Why your child’s EQ is as important as their IQ

why your child's eq is as important as their iq

The importance of developing your child’s emotional intelligence is undisputed.  Their ability to sense their own emotions, recognise other people’s emotions and respond appropriately is what will mold them into well-rounded adults.

In fact, research carried out by the Carnegie Institute of Technology showed 85 percent of financial success is due to skills in ‘human engineering’ including your personality, ability to communicate, negotiate and lead. Only 15 percent is due to ‘technical knowledge’.

But helping your child on this emotional journey is easier said than done. Young children, especially toddlers, are naturally self-centred. They start life in their own little bubble, being influenced only by their immediate surroundings. As they emerge into their pre-toddler year, they will be focused on self-play. It’s around this time that parents get worried about their ability to make friends, ‘play nice’ and share. However, this stage is the starting foundation of their emotional intelligence. It is when they start to recognise their own emotions, before they start seeing it in others.

One way that parents can assist their young toddlers is through play in a group environment. Even though they may be playing by themselves alongside others, they will start to open up to the concept of the emotions around them. The simple act of them observing the actions and reactions of the children around them is the catalyst that they will need to start understanding the emotional needs of others. A group setting such as the one found in a Toptots class is the ideal environment to introduce your child to their budding EQ.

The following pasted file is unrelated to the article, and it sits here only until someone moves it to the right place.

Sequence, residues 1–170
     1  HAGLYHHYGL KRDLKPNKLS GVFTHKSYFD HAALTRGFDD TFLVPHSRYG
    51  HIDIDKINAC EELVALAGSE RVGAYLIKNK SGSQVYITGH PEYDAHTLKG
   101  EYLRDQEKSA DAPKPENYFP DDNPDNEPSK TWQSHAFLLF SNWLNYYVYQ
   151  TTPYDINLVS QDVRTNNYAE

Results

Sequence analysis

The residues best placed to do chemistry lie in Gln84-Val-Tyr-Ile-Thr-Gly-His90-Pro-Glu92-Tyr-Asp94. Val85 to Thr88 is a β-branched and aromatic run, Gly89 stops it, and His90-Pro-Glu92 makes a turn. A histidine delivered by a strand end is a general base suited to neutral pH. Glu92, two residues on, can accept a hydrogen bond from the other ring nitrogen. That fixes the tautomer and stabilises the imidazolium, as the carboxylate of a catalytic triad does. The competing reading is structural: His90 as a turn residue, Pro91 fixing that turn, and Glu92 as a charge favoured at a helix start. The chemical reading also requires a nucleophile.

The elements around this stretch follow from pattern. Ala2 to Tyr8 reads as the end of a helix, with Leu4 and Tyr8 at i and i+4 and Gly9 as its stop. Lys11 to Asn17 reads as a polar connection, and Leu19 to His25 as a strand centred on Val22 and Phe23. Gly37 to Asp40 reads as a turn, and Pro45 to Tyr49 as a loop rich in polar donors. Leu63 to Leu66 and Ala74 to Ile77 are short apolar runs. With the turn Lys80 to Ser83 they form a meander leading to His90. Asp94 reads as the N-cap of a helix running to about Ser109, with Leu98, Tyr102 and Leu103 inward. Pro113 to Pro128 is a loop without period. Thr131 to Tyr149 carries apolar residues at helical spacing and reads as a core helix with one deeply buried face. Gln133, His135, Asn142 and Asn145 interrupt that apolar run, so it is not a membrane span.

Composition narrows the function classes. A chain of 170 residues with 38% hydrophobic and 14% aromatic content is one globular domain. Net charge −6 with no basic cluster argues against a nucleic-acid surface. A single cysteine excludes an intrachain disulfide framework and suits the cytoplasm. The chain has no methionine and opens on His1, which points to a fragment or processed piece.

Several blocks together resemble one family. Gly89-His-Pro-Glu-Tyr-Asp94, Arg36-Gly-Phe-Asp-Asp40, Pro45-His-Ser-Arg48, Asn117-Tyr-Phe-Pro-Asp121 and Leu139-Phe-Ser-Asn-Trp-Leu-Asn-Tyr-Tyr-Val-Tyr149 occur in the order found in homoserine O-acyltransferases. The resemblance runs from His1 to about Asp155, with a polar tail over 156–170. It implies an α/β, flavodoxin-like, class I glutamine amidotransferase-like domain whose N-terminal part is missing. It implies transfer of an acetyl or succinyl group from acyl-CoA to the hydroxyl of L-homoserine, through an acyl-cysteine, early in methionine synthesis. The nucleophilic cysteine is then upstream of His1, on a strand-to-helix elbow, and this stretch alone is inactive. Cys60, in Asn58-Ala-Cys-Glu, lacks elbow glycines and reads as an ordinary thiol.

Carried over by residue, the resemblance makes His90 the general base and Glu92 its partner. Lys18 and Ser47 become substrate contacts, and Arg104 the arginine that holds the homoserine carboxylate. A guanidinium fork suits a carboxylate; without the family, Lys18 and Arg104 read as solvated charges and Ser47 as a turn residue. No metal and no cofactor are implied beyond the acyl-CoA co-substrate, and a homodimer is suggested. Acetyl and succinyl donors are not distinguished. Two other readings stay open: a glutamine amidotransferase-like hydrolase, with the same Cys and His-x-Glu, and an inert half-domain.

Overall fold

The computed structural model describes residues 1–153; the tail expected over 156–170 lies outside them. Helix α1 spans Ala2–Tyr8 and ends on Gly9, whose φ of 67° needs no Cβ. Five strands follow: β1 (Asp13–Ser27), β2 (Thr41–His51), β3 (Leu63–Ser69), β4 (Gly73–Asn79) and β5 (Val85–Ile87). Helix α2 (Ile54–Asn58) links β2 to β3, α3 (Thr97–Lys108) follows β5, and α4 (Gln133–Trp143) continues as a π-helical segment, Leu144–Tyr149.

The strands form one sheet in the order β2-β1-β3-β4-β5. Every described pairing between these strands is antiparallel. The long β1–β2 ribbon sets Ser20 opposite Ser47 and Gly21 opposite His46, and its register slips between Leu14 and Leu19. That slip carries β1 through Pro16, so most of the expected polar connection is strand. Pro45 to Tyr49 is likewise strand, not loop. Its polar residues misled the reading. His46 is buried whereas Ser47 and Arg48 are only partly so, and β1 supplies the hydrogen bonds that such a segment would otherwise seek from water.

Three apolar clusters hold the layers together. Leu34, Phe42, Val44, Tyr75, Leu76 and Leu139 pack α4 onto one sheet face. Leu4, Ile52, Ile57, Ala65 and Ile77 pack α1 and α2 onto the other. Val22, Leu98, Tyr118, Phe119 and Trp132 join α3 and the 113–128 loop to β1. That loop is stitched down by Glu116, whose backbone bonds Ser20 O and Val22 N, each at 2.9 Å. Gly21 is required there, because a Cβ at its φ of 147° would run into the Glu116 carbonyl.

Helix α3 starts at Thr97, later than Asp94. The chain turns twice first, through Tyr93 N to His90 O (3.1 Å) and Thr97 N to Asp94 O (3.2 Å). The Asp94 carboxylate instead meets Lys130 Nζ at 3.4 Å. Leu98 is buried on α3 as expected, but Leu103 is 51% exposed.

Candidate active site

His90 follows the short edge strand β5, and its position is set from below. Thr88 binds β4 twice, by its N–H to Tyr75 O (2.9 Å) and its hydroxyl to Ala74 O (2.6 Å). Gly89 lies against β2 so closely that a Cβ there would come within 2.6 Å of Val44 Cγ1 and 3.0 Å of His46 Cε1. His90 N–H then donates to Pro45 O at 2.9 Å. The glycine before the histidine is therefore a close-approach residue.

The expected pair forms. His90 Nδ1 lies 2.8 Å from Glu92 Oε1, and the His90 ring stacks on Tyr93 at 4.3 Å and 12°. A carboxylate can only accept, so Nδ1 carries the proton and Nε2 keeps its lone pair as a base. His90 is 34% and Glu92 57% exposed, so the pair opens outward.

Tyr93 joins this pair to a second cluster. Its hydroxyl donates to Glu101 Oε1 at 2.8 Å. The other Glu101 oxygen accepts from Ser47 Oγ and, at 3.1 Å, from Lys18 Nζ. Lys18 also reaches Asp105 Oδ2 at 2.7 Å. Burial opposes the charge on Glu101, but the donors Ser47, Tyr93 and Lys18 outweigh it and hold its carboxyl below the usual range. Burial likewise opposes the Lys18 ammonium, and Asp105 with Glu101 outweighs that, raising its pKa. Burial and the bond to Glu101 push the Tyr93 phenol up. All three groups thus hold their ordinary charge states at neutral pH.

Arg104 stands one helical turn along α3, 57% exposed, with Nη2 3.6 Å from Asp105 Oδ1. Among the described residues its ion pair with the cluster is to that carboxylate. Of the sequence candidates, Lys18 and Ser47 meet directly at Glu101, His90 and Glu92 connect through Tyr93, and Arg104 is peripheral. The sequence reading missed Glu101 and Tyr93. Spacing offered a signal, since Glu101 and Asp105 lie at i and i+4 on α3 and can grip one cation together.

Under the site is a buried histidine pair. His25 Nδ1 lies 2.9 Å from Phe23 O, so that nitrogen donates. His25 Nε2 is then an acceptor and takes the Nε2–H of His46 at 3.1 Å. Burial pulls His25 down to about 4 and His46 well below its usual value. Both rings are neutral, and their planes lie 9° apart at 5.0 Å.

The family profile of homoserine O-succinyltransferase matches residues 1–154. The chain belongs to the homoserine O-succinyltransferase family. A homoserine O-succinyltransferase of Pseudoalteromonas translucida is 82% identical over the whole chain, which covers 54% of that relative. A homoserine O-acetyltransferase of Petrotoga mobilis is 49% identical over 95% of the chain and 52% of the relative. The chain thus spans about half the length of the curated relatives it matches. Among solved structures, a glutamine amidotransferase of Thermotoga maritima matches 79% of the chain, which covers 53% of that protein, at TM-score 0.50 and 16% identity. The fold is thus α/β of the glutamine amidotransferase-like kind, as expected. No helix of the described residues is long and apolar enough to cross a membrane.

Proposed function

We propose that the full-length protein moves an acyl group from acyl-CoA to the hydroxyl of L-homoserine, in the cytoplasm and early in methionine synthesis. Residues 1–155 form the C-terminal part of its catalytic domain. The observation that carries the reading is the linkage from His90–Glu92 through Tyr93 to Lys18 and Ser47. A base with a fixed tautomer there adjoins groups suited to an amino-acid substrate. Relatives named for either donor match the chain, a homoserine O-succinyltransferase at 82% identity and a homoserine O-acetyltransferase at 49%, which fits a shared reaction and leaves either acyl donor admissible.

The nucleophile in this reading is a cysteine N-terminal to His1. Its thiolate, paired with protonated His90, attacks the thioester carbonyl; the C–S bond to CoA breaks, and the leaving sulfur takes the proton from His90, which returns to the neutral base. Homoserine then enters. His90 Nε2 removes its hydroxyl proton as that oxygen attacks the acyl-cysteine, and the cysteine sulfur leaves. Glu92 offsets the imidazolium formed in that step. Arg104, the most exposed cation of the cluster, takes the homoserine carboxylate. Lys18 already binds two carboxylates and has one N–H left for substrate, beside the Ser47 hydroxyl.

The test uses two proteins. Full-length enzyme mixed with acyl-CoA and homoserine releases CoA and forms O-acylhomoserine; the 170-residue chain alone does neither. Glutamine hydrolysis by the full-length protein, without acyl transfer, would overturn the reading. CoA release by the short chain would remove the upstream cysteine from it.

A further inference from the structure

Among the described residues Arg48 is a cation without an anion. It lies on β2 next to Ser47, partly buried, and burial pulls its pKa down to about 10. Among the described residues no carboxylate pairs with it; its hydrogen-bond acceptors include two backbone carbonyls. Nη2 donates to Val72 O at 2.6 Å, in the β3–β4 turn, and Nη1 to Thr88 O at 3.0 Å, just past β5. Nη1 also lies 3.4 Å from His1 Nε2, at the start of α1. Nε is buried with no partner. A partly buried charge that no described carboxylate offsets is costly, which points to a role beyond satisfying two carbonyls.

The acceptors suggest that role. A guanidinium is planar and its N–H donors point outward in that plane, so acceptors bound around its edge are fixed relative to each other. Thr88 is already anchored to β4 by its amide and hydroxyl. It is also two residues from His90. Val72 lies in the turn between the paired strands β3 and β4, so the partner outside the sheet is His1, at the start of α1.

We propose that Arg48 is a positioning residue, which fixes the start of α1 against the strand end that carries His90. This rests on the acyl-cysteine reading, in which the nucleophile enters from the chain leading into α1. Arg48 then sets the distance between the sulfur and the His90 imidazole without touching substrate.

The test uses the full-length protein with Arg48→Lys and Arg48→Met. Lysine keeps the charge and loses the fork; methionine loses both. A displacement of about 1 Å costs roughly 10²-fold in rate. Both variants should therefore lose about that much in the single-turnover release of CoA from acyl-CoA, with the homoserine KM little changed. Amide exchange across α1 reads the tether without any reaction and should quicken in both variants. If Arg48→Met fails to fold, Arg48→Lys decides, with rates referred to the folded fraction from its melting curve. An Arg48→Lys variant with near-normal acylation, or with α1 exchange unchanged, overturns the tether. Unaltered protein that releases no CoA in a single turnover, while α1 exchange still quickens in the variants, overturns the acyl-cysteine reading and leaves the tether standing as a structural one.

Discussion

As your child gets older, another great way to help them develop their EQ is through reading.  When you select stories that delve into a characters emotions, it helps your child perceive the emotions of others. This, in turn, starts to develop their ability to empathize – which is one of the most important factors of EQ. After each reading session, talk to them about the emotions in the book. Ask them why the character felt the way the did? Would they feel the same way? These questions stimulate their brains comprehension of emotions and bring the EQ of the story into a real-world setting. Try Toptots Tom-e books to get you started.

There seems to be a pre-existing notion that adults need to hide their feelings from children.  Generations before thought parenting meant not showing your own vulnerability. However, it is vital that your children see that adults experience emotions too. If you are upset, angry, disappointed or simply in a bad mood – there is nothing wrong with explaining that to your child.  By saying, “Mom’s had a really long day today and is a little grumpy”, it validates that identifying your emotions enough to be able to explain them is normal, and will teach your child to do just that. Letting your child feel their emotions openly, introducing them to the emotions that other people are feeling, and letting them see your own are the first steps to raising a child with a strong EQ.

Toptots Early Learning SA

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